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Thorsten Opper

[Gr.: ‘drinking together’]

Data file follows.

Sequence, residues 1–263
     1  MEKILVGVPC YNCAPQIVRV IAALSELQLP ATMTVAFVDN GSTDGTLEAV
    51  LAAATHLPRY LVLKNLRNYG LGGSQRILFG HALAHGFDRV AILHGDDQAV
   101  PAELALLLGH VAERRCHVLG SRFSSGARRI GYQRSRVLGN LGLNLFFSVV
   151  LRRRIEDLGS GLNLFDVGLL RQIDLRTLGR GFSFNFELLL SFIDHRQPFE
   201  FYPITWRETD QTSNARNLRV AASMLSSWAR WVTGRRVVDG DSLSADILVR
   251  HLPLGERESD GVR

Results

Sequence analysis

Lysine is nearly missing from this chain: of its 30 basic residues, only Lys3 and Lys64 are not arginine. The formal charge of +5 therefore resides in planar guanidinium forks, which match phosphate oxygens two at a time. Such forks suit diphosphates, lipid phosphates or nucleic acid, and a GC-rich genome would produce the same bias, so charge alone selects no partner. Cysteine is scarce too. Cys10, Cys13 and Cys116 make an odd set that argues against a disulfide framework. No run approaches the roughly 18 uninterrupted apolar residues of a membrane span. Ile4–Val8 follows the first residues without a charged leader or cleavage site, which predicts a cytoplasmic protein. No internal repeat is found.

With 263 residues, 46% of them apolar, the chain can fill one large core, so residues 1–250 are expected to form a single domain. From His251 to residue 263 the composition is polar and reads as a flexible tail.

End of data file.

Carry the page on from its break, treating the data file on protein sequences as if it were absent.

Highly ritualized drinking party that developed in Archaic and Classical Greece. Initially restricted to aristocratic circles, participants were exclusively male; women, if they attended at all, attended in subordinate roles as servants, dancers, musicians, prostitutes or more refined courtesans (Gr. hetairai). A symposion took place in specially constructed room, the andron (men's room), fitted to accommodate a series of klinai (dining couches) along the walls and usually recognizable in the archaeological footprint of a house through its off-centre doorway. Food was a secondary element; it was offered first and served on small, low tables standing in front of the couches. After the meal and a sacrifice, the drinking began. Revellers elected one of their number as symposiarch, or master of proceedings, whose task it was to decide the pace of drinking and ratio of wine to water to be imbibed (Greeks always diluted their wine; drinking it undiluted was considered barbaric); he would also determine a topic for conversation. Symposia could range from highly philosophical discourse (as immortalized in Plato's famous dialogue, ...